Parsons, Philip

, an English divine, and miscellaneous writer, was born at Dedham, in Essex, in 1729. His family was ancient, and settled at Hadleigh, in Suffolk, as early as the reign of HenryV1I. where some of their descendants still reside. He lost his father when veryyoung, and owed the care of his education to his maternal uncle, the rev. Thomas Smythies, master of the grammar school at Lavenham, in Suffolk, with whom he continued till he went to Cambridge, where he was entered of Sidney Sussex college, and took his degrees there of B. A. in 1752, and M. A. in 1776. After he had taken orders he was appointed to the free school of Oakham in Rutlandshire, and remained there till 1761, when he was presented to the school and curacy of Wye by Daniel earl of Winchelsea and Nottingham. In the sedulous discharge of the twofold duties of this preferment he was engaged upwards of half a century, and was distinguished by his urbanity, diligence, and classical talents, nor was he less esteemed in his clerical character. He was also presented to the rectory of Eastwell, in 1767, by the same patron, and to the small rectory of Snave in 1776, by archbishop Cornwallis, who enhanced the value of this preferment by a very kind letter, in which his grace testified his high respect for the character and talents of the new incumbent. | Mr. Parsons was the author of several publications, among which were, The nine first papers in the second volume of the “Student,” published in 1750;*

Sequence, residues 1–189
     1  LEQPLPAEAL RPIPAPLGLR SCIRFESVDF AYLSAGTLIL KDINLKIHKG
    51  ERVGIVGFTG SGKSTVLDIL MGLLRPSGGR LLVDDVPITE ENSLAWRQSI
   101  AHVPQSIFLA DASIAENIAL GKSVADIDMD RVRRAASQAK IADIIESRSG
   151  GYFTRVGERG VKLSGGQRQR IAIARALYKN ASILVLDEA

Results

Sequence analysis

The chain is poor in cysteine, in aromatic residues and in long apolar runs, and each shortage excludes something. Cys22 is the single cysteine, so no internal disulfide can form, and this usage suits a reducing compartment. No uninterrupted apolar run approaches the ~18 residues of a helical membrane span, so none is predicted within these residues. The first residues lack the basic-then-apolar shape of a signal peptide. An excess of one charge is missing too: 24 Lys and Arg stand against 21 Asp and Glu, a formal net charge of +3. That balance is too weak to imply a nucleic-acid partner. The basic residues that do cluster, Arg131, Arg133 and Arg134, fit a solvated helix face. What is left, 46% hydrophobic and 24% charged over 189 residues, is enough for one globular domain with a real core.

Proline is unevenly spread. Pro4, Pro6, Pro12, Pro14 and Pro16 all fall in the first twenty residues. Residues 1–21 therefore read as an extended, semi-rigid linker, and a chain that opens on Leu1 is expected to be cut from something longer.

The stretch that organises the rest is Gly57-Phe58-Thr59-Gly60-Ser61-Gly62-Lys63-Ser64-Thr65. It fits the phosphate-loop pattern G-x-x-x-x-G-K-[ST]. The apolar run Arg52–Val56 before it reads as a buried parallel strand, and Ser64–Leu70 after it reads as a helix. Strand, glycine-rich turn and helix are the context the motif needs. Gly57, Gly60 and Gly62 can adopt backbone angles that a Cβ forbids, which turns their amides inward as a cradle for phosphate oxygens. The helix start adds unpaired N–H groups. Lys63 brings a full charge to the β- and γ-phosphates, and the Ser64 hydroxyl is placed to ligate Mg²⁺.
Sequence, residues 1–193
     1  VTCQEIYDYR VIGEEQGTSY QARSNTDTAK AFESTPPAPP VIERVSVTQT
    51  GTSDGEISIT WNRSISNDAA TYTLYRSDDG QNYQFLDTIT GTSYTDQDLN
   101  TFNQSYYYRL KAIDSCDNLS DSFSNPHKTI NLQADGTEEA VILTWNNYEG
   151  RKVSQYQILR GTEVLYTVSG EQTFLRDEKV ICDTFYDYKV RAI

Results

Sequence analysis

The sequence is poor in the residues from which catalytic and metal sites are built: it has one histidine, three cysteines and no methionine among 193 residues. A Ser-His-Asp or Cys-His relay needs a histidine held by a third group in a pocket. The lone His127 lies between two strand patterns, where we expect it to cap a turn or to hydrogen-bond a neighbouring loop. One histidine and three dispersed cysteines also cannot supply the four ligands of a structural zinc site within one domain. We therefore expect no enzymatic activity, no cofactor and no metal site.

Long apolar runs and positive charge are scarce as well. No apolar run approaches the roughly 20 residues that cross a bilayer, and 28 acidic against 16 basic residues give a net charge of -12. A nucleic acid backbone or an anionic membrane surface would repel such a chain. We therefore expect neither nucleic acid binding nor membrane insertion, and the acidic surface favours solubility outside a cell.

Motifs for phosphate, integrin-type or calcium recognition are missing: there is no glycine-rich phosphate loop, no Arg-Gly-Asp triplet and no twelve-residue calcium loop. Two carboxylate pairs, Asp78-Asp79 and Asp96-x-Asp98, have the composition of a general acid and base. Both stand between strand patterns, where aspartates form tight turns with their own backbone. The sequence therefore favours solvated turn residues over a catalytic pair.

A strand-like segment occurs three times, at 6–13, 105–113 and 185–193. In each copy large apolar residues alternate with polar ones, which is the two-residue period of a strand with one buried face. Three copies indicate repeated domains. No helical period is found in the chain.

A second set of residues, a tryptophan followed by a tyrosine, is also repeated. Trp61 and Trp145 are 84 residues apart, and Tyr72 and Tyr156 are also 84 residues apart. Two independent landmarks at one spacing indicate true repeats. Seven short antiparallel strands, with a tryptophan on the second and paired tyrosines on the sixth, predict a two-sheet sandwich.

This is not accurate. He may have been a contributor to the “Student,” but could not have written either the nine first, or the last nine papers of the second volume.

On advertising for Curates;” a paper in The World; “The inefficacy of Satire, a poem,” 176G, 4to; “Newmarket, or an Essay on the Turf,1774, 2 vols.; “Astronomic Doubts, a pamphlet,1774; “A volume of Essays,1775; “Dialogues of the Dead with the Living,1782; “Simplicity,” a poem, 1784; and “Monuments and Painted Glass in upwards of 100 churches, chiefly in the eastern part of Kent,1794, 4to. This work, which is interspersed with judicious remarks and interesting anecdotes by the compiler, is become scarce, owing to the fire in Mr. Nichols’s premises, but is highly valuable to the antiquary and lover of such researches. Mr. Parsons also established a Sunday school at Wye; and recommended and contributed much to their establishment in the county of Kent by a sermon and some letters which he published on this occasion. The last years of his life were passed in great retirement; alternately engaged in the discharge of his ministerial functions, and in literary pursuits and correspondence, which, however, were interrupted by the loss of his sight about a year before his death, and at the same time by a very painful disorder. He bore these trials with exemplary patience and resignation. It was his frequent practice, when on his bed, and free from the more excruciating pains of his disorder, to compose moral, lively, and religious pieces, which he afterwards dictated to a faithful amanuensis, who wrote them down. He died at Wye, June 12, 1812, in the eighty-third year of his age. 1

Gent, Mag. vol. LXXXII.